The Bartonella-Tick Transmission Controversy and Bartonella Infection
Updated: Oct 6
Bartonella are known to be carried by fleas, which then introduce the infection to animals like cats, which can then spread disease to people. But is that the only way people get a Bartonella infection?
On the topic of testing ticks and people who have been bitten by them for dangerous infections, one recurrent source of controversy is the testing of Bartonella species. Bartonella are known to be carried by fleas, which then introduce the infection to animals like cats, which can then spread disease to people. But it is debated as to whether or not that is the only way people get Bartonella infections. And why is this even much of a concern? Because there is reason to believe that Bartonella are widespread among ticks, yet the infections they can cause in people are often not tested for! For example back in 2004, a study from New Jersey found over 30% of ticks sampled carried Lyme disease and a near equal amount harbored Bartonella species. (1)
Ticks Can Transmit Bartonella Bacteria
Direct proof of transmission of Bartonella species by a tick was reported way back in 1926 when experimental transmission of Bartonella bacilliformis ( cause of Oroya fever) to monkeys by Rocky Mountain wood ticks was done. In this study , ticks were allowed to feed on infected monkeys for 5 days. After removal, partially engorged ticks were placed on healthy monkeys in which disease developed. This study showed that ticks could acquire and transmit the bacteria. (2)
So we know Bartonella is around, is found in many ticks, and that they can transmit disease, but it's just often not being tested in for in people or in ticks. In fact, at this writing, it is still the CDC’s official position to discourage testing for Bartonella after a person is bit by a tick! (5)
Obviously, there is so much more to be said on this topic. After all, if they don't look for something, they are never going to find it! That is why it is imperative that people take initiative and be their own advocates in health care. Sadly, the art of medicine is often lost and degenerated into symptom-management, with providers just following rote scripted flowcharts without thinking about the quagmire of testing limitations and pandemic proportions of tick-borne illness. (6, 7)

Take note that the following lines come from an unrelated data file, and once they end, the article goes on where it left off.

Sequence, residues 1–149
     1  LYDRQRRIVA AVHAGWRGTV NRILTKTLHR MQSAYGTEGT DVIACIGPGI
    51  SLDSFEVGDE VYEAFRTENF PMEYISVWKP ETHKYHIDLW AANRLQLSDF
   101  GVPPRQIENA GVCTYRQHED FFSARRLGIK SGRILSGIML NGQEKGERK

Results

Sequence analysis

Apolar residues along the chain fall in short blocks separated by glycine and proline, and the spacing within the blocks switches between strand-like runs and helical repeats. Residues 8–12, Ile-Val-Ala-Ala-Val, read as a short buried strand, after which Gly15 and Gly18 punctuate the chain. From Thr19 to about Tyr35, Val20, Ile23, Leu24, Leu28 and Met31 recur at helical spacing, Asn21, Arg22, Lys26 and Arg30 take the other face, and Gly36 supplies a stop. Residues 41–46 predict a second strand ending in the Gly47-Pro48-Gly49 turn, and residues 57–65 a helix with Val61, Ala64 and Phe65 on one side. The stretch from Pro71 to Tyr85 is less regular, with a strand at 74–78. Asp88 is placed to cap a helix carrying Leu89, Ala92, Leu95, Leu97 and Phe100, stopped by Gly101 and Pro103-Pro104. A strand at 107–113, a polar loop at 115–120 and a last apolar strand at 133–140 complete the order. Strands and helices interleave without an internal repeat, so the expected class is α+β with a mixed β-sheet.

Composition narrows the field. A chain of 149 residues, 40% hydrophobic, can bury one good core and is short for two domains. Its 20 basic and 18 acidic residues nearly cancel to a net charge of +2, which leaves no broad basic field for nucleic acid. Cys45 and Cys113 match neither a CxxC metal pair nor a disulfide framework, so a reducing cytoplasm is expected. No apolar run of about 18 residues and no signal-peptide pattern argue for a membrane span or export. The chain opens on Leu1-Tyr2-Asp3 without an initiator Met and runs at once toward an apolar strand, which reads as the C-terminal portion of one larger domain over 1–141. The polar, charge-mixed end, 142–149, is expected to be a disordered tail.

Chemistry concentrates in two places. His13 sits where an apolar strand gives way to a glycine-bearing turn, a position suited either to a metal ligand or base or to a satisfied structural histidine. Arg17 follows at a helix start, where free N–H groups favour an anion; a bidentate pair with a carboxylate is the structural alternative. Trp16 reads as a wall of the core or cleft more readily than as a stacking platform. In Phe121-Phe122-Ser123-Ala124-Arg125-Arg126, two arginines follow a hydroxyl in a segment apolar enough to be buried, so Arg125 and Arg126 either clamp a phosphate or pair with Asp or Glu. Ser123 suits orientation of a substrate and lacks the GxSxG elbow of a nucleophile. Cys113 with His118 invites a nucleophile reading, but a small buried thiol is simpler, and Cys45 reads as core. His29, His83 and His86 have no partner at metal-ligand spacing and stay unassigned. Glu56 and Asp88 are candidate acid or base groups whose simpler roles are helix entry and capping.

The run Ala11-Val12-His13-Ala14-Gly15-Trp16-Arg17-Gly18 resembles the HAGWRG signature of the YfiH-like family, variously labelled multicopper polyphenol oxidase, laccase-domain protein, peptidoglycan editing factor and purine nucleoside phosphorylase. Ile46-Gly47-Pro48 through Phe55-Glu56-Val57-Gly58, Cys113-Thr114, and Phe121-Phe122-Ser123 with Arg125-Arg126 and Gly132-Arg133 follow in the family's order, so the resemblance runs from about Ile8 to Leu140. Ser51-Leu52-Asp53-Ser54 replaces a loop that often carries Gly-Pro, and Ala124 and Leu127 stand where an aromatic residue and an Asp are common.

You Can Test Ticks for Bartonella, Just Not Everywhere
Any tick that has bitten a person should be identified and if it is a known vector for disease, like the black-legged deer tick, it should be tested to see what DNA for infectious microbes it was harboring. If you are in an endemic area, often local health departments offer free testing of the tick. However, the number of possible organisms they test for is usually limited to just a few. Consider private laboratories like Igenex Inc. or Med Zu Inc., which runs www.tickreport.com.
Available as Custom Protocol from Wholescripts.com to patients only.
Visit our newly published landing page: Lyme disease, MSIDS and Natural Lyme Treatments
for information on Lyme disease, 'Multiple Systemic Infectious Disease Syndrome' (MSIDS), the role of integrative medicine in
treating tick-borne illness, natural therapies, and more!
1. Adelson, Martin E et al. “Prevalence of Borrelia burgdorferi, Bartonella spp., Babesia microti, and Anaplasma phagocytophila in Ixodes scapularis ticks collected in Northern New Jersey.” Journal of clinical microbiology vol. 42,6 (2004): 2799-801. doi:10.1128/JCM.42.6.2799-2801.2004.
3. Wechtaisong, Wittawat et al. “Transmission of Bartonella henselae within Rhipicephalus sanguineus: Data on the Potential Vector Role of the Tick.” PLoS neglected tropical diseases vol. 14,10 e0008664. 1 Oct. 2020, doi:10.1371/journal.pntd.0008664
6. Dong, Yan et al. “Global seroprevalence and sociodemographic characteristics of Borrelia burgdorferi sensu lato in human populations: a systematic review and meta-analysis.” BMJ global health vol. 7,6 (2022): e007744. doi:10.1136/bmjgh-2021-007744.
The content and any recommendations in this article are for informational purposes only. They are not intended to replace the advice of the reader's own licensed healthcare professional or physician and are not intended to be taken as direct diagnostic or treatment directives. Any treatments described in this article may have known and unknown side effects and/or health hazards. Each reader is solely responsible for his or her own healthcare choices and decisions. The author advises the reader to discuss these ideas with a licensed naturopathic physician.